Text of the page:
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SPLD's eg.reduced processing speed/ working memory linked to fatigue ??

(24 Posts)
supermum98 Sun 10-Mar-13 13:19:42

Has anyone any experience of reduced processing speed (4th percentile) and or working memory linked to fatigue. My ds is shattered at the end of school at the moment, doesn't want to do any of his extra-curricular activites which he is normally passionate about. School doing a lot of SAT's testing. In year 6 now and quite worried about how he will cope with work-load at secondary, if displaying these symptons now. School says all kids are tired at the moment, but it is more than this I would say. Friend who has child with processing issues, occasionally has to keep him off school because of fatigue, but schools don't get it so has to invent symptons.

Jamillalliamilli Sun 10-Mar-13 14:48:34

Hi, ds (18) is also 4th percentile for processing and short term memory, and no question that tiredness makes it worse. He describes close to shut down as ‘zombified’ and often has no recollection of events after having reached that point.
I’ve no idea where he was at percentile wise at your dc’s age, but I suspect it was the same then.

He never had time off but school broke down for other reasons, so we’ve been home ed for a few years, so things are tailored round him, but he’s managed IGCSE’s and is now struggling his way through A levels, and heading (eventually) for uni, but a lot’s had to be given up to allow him to succeed educationally.

So what I can say is if you can get through the education system one way or another, longer term it’s possible to be on that percentile and still get where you want to be, but you may not be able to have it all at the same time iyswim.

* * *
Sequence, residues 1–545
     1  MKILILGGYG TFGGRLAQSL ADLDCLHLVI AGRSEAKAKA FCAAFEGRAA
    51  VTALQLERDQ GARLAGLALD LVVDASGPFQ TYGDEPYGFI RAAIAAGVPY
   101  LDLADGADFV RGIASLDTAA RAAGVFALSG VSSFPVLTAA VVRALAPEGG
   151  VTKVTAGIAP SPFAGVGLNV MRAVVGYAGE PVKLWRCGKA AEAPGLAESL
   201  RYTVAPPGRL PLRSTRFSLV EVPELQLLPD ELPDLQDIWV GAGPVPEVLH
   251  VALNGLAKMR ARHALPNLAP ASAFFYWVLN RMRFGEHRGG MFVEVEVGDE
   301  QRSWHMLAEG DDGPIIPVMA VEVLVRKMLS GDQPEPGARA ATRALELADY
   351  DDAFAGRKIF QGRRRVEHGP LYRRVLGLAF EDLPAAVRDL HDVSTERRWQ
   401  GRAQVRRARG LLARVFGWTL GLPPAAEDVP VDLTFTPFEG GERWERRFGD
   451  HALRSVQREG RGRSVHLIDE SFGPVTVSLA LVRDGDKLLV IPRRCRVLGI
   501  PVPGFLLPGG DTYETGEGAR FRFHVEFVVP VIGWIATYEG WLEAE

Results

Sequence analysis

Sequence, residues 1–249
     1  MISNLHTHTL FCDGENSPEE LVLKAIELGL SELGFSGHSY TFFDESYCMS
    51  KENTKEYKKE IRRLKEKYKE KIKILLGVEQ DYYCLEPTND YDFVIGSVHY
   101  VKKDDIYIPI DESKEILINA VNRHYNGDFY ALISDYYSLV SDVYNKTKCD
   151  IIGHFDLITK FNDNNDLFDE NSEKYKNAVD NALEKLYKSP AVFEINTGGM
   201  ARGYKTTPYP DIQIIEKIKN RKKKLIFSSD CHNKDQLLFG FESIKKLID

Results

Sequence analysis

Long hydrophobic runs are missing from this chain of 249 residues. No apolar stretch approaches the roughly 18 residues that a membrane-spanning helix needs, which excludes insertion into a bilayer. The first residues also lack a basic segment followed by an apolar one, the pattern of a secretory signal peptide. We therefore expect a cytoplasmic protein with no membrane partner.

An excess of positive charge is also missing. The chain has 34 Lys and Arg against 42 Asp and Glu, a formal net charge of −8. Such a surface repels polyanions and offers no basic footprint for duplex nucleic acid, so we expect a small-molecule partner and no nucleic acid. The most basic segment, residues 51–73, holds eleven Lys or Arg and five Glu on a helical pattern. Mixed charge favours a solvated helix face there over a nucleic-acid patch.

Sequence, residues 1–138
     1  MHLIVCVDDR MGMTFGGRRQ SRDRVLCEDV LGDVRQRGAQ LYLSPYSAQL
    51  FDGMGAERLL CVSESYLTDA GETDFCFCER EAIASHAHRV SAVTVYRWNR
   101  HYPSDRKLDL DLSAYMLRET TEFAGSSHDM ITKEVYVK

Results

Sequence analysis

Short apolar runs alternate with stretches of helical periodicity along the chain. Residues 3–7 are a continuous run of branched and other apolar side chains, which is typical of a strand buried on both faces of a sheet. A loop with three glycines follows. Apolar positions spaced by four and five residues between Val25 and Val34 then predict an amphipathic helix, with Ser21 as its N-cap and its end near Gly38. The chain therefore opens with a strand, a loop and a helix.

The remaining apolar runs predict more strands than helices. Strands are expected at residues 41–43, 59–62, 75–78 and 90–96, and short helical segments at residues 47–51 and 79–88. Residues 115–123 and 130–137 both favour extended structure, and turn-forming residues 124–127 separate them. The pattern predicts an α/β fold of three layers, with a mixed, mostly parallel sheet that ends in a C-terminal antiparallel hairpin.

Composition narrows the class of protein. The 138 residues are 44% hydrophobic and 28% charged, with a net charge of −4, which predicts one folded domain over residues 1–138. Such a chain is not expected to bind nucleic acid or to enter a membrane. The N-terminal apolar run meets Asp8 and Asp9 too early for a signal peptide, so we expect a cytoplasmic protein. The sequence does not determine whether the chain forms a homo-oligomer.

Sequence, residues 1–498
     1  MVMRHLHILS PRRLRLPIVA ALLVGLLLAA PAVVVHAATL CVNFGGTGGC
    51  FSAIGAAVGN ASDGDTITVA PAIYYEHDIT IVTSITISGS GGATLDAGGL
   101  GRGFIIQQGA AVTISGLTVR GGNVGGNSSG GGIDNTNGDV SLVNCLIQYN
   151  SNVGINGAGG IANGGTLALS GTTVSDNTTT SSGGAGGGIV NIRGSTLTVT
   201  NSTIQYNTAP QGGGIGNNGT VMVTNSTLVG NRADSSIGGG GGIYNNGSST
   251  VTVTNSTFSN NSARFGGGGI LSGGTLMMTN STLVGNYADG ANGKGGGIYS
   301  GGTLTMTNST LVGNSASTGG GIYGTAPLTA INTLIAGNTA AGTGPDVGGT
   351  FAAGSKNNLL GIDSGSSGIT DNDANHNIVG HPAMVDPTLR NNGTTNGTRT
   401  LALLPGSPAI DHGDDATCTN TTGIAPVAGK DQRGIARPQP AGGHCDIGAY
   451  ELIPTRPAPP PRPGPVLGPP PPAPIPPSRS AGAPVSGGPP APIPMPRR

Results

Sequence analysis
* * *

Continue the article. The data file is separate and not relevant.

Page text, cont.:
moosemama Sun 10-Mar-13 21:39:05


I found this article really interesting reading regarding how processing speed and working memory can affect learning and some ideas on how to help and compensate.

My ds's processing centile isn't quite as low as your ds's but the gap between his Verbal Skills and Processing Speed is huge and I know this causes him big problems, including making him extremely tired, especially when completing longer and/or mulit-level, complex work. It also means that teachers can have unrealistically high expectations of his capabilities in terms of tests and exams, without understanding that they needs to differentiate and organise suitable access arrangements for him. Of course that adds even more pressure.

He is also in y6 and preparing for SATs and he's exhausted. To the extent that the GP has sent him for two lots of blood tests and has us taking him in regularly so that they can keep an eye on him. I think the SAT work, plus stress and worry over leaving primary and going to secondary is wearing him down. GP has said that if nothing turns up in this last lot of bloods then it's most likely purely stress related, but that that is a dx of elimination, so he can't make that call until he's ruled out anything physical.

I've told him not to even think about the SATs, that they are for the school to measure how they are doing with their teaching and make adjustments if necessary and that he should just turn up on the day, answer the questions and not give them another thought.

Handywoman Sun 10-Mar-13 22:51:55

I have a dd in Y5 with a diagnosis of Dyslexia. Her working memory is very poor (can't remember centile). I hope you don't take this the wrong way, but when my dd is exhausted after school it means she is engaging and learning. Presently she had a cr*p teacher and this is not happening. Obviously there is a balance to be had(!!!) but there are kids with difficulties which do go completely unaddressed in school to the extent that there is no engagement and no learning. If your ds is tired it might not be all bad news (although, as I say, there needs to be a balance!!!). Y6 is tough all round. I am not relishing the prospect here.